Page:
You know what?  I think it’s time to take a break from the Golden Age this week.

The Golden Age of Comics was an age of ridiculous comic book characters and a “well let’s just throw things against the wall and see what sticks” attitude, which is the main reason why I started this blog in the first place, but I’d like to branch out and see if there might be other characters that could be just as ridiculous and crazy.

Sure, we’ve talked about comic book characters from different time periods before, but there has to be something there that’s crazy, bold, and…

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oh hello, where have you been all my life?

Screw tradition, this is the Flaming Carrot.

Origin and Career

The Flaming Carrot made his first appearance in a small comic called Visions which was published by a convention called the Atlanta Fantasy Fair in 1979.

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A bit of context here: the early 1980’s were a time when the independent comic book scene was really starting to take off.  Creators were often ditching the big publishers of Marvel and DC to self publish their own stuff or with smaller publishers who were much more generous with their checkbooks and willingness to share credit.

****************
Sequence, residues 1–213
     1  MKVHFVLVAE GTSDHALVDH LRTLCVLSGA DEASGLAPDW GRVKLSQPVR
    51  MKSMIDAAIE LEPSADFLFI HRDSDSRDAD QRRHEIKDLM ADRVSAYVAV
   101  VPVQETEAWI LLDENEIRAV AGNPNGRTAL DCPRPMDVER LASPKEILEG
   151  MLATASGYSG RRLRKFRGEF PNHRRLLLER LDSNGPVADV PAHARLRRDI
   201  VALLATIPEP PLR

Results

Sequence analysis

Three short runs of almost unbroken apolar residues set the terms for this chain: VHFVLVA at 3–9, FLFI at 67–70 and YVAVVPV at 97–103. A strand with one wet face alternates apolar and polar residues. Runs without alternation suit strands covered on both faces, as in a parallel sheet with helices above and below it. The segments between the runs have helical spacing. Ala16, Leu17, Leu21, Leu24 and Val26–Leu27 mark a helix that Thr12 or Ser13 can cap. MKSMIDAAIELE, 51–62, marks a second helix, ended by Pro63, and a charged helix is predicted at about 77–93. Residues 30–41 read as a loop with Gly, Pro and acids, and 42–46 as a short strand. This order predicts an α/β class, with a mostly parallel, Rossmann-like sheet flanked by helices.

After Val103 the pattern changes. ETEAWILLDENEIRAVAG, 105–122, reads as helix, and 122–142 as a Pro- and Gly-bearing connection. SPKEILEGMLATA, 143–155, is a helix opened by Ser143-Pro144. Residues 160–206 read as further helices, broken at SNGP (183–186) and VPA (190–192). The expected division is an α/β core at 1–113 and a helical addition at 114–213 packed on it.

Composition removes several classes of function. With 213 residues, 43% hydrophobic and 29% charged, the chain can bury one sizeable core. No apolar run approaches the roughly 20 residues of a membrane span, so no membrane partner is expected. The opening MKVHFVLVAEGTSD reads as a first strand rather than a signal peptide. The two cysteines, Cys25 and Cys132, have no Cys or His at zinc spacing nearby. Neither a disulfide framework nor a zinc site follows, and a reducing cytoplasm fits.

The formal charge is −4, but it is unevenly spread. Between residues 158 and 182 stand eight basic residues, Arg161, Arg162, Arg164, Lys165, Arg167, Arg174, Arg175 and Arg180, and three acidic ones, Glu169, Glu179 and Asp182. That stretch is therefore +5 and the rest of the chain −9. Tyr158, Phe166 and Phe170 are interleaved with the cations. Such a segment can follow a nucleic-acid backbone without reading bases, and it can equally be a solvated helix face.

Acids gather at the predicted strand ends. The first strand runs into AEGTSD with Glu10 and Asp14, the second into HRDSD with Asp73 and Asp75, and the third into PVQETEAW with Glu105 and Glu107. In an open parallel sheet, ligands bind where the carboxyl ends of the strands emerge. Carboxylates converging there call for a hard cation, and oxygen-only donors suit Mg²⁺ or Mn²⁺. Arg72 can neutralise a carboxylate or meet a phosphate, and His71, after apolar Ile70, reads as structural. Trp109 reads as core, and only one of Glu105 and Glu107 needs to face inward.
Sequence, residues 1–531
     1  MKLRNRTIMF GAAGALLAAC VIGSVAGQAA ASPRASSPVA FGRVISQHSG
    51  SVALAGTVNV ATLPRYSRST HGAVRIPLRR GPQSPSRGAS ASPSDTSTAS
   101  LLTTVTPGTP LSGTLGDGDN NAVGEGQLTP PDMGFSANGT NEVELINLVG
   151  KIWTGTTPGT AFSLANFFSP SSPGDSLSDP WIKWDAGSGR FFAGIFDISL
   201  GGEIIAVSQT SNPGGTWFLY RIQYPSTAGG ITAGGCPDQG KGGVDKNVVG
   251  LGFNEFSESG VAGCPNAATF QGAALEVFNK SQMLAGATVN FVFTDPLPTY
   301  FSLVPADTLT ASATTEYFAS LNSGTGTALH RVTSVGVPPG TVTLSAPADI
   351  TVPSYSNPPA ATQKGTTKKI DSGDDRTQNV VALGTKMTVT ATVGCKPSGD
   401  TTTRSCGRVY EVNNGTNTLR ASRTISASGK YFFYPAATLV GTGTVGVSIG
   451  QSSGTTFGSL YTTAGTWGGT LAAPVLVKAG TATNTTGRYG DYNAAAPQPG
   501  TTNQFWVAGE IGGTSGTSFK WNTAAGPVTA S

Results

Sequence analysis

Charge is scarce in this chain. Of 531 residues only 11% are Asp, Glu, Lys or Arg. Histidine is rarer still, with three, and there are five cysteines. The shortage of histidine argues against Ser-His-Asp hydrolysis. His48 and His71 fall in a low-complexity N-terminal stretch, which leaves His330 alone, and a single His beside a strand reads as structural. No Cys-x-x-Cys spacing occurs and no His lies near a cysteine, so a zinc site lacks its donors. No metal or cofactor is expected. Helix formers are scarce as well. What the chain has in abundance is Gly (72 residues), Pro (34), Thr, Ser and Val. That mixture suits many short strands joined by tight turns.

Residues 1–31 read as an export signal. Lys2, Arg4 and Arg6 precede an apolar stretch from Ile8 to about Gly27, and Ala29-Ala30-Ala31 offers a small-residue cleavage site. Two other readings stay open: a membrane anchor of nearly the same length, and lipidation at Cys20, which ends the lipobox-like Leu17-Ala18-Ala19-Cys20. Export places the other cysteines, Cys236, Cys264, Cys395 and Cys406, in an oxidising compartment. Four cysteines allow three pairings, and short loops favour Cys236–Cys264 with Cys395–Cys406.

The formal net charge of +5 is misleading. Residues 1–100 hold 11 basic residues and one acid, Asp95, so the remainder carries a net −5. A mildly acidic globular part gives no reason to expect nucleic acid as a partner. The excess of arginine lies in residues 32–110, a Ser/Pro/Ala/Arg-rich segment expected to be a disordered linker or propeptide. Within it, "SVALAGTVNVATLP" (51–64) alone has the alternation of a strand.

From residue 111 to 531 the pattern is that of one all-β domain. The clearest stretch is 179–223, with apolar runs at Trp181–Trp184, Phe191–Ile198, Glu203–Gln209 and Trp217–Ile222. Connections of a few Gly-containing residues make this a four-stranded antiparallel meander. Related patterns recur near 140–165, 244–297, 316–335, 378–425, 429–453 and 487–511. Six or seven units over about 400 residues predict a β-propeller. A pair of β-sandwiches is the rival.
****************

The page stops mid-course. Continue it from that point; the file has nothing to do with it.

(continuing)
For a bit more context, this was the time period that gave us the Teenage Mutant Ninja Turtles.

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The Flaming Carrot comic would later be self published through a company called Killian Barracks Press and then find different homes through various publishers over the next thirty years.

He was created by comic book author and illustrator Bob Burden.

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The hero was meant to be a parody of superhero comics at the time.

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he got his powers by suffering from brain damage after reading 5,000 comics in a single sitting.

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Just goes to show you, comics are bad for you and will rot your brain.

How did his head turn into a carrot?

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Don’t ask such stupid questions.

The Carrot lived in the fictional neighborhood of Palookaville in Iron City.  He didn’t have any superpowers but he would often win the day through grit, determination, and sheer dumb luck.  Also, he had a toy chest of gadgets to help him along with a gun, which he used without hesitation or remorse.

His enemies were equally ridiculous, as you can see below.

You’ll notice that a lot of the interior artwork is in black and white.  It was like this to cut down on art and printing costs.  Believe me, I know.

Over the course of his career, the Flaming Carrot developed a cult following and became pretty popular.  He even found some time to create a team of working class heroes known as “The Mystery Men”

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We’ll touch on that later.

So what we have here is an independent creator, publishing a black and white comic, that parodies super hero stories, and is self published without any help or support.

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Can’t imagine why I would relate to something like that.

Side note: did you know that we actually have another web comic up and running?  It’s called “Questing 9 to5” and it’s on our Tapastic account which you can find here 

So what happened?